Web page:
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Borough is Mesmer-ized for poet Sharon

Framing device: Is this your new poet laureate? Our readers want Park Slope poet Sharon Mesmer to win the job.
The Brooklyn Paper / Tom Callan

Brooklynites are a demanding bunch — and they’re demanding a new poet laureate.

Last month’s death of the borough’s laureate, Ken Siegelman, has left the poetry world reeling, but after covering his death, and offering Borough President Markowitz a short list of candidates for Verse Maker in Chief, The Brooklyn Paper received a stunning number of e-mails — more, in fact, than we’ve ever received on a poetry-related story.

Park Slope poet Sharon Mesmer, a lively poet who’s not afraid to write poems with titles like “Annoying Diabetic Bitch” and “Holy Mother of Monkey Poo,” is leading with 44 percent of the ballots. In second place is fellow Sloper, Lynn Chandhok, with 36 percent.

“Wait — does this mean I have to write a sonnet to Marty Markowitz?” quipped Mesmer, author of three collections. “Oh well, a poet’s gotta do what a poet’s gotta do. Problem is, the only thing that rhymes with Markowitz is ‘have a schvitz.’” (Why is that a problem?)

Mesmer’s sense of humor was often cited by her supporters as evidence that she belongs at the zenith of the borough’s long-clawed poetry community.

Indeed, Maria Damon wrote us with her own poem about Mesmer:

Sharon Mesmer is the one

She’s the one who’s all the fun!

Sharon Mesmer, she’s your girl

She’ll make Brooklyn the center of the world!

Others took the opportunity to slam the other poets on our short list.

“Please let it be Sharon Mesmer,” wrote Gary Sullivan of Kensington. [Bob] Hershon is a fuddy duddy. [Matt] Rohrer is a lame mainstream poet. The other people are so forgettable and lame that I’ve already forgotten them.”

That’s not to say that Chandhok, whose work bridges the cultural gap between her family’s native India and her own native Brooklyn, hasn’t evoked similar passions in her fans.

“Her poems are enchanting and rich topographies of two places: Brooklyn and Kashmir,” wrote Nick Soodik. “Her work takes pleasure in the intimacies of these two places and the rich sounds of what they offer. She gets my vote.”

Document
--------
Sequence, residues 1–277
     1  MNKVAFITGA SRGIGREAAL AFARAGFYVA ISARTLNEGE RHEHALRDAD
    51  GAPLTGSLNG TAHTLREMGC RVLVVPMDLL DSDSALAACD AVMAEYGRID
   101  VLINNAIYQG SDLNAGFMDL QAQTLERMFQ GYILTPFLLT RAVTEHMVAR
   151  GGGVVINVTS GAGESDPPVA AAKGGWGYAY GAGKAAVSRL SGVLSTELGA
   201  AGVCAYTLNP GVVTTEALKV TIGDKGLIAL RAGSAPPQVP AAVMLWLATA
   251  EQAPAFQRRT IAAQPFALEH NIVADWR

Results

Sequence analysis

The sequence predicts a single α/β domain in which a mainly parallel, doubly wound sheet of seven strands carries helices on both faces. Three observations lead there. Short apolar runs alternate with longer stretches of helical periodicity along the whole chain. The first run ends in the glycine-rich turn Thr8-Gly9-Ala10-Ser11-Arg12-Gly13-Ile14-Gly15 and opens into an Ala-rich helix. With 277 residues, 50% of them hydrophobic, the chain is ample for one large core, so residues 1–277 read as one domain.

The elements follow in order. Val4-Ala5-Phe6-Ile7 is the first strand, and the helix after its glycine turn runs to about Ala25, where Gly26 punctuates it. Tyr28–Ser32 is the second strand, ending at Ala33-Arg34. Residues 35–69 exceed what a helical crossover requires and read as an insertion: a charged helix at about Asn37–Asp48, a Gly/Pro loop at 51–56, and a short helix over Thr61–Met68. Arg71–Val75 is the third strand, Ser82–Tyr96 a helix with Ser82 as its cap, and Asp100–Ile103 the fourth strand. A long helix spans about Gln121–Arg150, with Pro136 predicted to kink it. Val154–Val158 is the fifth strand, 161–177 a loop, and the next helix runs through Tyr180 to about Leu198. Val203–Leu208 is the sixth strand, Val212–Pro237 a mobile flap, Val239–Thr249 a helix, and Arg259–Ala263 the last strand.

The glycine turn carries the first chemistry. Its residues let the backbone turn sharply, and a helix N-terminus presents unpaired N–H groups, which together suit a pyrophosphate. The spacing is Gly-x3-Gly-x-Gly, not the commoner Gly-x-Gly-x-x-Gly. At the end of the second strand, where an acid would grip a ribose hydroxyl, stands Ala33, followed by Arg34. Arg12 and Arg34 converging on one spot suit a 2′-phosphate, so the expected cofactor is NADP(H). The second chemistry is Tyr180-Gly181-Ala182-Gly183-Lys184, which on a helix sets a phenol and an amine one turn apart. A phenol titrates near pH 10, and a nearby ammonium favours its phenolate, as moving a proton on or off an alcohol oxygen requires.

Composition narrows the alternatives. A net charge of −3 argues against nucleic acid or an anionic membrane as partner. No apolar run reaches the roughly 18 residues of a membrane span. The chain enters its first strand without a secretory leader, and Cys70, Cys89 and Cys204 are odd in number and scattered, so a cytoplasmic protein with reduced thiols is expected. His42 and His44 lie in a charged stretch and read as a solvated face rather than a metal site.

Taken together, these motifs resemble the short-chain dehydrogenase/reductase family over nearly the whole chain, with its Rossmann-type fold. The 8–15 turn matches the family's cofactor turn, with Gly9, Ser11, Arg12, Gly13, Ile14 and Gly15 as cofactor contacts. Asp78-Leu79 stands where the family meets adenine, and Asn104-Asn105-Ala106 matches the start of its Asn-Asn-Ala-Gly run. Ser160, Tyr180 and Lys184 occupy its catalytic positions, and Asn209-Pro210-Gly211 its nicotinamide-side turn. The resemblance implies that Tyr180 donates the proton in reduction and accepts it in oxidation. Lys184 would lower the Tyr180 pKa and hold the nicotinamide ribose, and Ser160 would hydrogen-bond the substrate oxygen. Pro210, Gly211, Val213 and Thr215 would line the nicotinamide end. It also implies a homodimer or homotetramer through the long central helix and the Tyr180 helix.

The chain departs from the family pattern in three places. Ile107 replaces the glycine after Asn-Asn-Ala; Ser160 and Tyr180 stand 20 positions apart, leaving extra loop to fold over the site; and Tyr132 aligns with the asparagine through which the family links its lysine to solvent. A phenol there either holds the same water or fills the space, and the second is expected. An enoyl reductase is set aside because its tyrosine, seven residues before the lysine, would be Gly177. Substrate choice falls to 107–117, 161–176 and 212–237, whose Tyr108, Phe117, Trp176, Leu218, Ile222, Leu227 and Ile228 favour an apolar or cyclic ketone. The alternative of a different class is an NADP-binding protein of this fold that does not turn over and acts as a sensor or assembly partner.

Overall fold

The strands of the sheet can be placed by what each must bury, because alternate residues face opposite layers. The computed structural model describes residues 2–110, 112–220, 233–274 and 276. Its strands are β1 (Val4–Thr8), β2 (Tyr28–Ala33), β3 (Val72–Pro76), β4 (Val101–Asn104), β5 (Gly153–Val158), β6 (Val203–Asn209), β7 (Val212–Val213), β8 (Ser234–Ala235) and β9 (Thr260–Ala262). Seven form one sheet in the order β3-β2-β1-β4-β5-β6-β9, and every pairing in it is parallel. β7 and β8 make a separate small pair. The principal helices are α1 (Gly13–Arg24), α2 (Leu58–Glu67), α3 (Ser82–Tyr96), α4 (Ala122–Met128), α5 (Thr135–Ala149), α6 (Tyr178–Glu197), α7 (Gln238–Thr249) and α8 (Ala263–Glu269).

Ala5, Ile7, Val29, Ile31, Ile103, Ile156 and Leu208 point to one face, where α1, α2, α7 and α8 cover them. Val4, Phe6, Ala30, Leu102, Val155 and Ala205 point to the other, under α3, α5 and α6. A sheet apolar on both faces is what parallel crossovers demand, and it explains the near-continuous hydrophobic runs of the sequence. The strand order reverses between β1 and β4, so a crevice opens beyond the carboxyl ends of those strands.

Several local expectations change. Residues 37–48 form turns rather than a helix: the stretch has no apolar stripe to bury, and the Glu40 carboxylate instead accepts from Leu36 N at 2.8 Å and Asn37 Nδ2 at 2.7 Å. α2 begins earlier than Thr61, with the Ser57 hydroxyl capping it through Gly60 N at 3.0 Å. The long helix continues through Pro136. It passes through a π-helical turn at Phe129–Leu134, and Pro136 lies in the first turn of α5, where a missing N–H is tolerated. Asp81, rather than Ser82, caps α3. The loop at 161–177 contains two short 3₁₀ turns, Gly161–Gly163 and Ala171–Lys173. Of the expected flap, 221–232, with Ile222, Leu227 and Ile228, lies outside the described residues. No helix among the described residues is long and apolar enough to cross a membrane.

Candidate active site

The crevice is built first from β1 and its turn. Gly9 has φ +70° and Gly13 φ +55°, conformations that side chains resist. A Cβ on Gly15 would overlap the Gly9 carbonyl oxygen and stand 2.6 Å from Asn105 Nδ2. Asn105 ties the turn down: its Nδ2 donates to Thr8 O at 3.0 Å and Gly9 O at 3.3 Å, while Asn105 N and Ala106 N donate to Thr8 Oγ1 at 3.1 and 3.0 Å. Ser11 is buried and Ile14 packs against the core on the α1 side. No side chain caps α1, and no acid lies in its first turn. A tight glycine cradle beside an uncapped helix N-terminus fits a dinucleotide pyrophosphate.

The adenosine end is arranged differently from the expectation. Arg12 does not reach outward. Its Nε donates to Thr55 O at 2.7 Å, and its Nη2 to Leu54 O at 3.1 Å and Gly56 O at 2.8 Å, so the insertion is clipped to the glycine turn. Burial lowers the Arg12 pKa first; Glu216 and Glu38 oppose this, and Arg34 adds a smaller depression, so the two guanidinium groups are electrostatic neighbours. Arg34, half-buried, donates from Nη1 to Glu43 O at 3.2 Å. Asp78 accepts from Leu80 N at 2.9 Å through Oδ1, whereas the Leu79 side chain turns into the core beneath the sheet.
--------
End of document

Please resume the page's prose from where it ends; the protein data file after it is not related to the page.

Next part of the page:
Hershon, the publisher of the small, but influential, Hanging Loose Press, a publishing house and twice-yearly literary magazine, was a distant third with eight percent of the ballots. Then again, he did get a very important vote — from Kamiko Hahn, whom many believe is already part of Borough President Markowitz’s rhyme scheme.

“It would be an honor to be poet laureate,” Hahn told The Brooklyn Paper. “Having said that, I would vote for Bob Hershon!”

Bushwick bard Frank Hoier, who does our bi-weekly “Rhythm and News” feature, was next with six percent, Park Slope writer Rohrer had four percent and They Might Be Giants had only two percent.

The only person on our short list who did not receive any votes was Leon Freilich, a prolific mirth-maker whose work has filled not only our pages, but Web sites all over town.

But Freilich is still making a pitch, sending us his latest classic, “Eight Million Couches,” which he wrote after reading that New Yorkers were considered only the third-most neurotic people in the nation:

Third? That’s all? And which are the other two?

Studies demeaning our city can’t be true.

Washington, D.C.? San Francisco?

Comparing a kiddie skating rink to a disco.

Boston? Los Angeles? Second city Chicago?

Everlastingly, impossibly no!

New York City’s six million neurotics

Thrive, along with another two million psychotics.

Point to any syndrome or loony complex,

New Yorkers have it, every dad-and-momplex.

Any way you look at the shrinker game,

Neurosis surely is our middle name.

Live here? The self-disrepecting are hot to;

He or she or they’d be crazy not to.

For his part, Markowitz has said he isn’t ready to make a decision.

“We’ll convene a borough-wide poetry group, a panel,” he said. “I’m ultimately the one who has to make the decision, but I’m not a poet and I don’t want to suggest that I am. We have to find someone who is respected in his or her field, and has the time and desire to go out there and promote poetry.

“Ken Siegelman was a great poet laureate who was both,” he added.

The race to succeed late great poet laureate Ken Siegelman, who died last month, is getting heated.
The Brooklyn Papers / Greg
Mango

To add your voice to the choir, read about our short list at www.brooklynpaper.com/stories/32/25/32_25_gk_new_poet_laureate.html and send your vote to newsroom@cnglocal.com.

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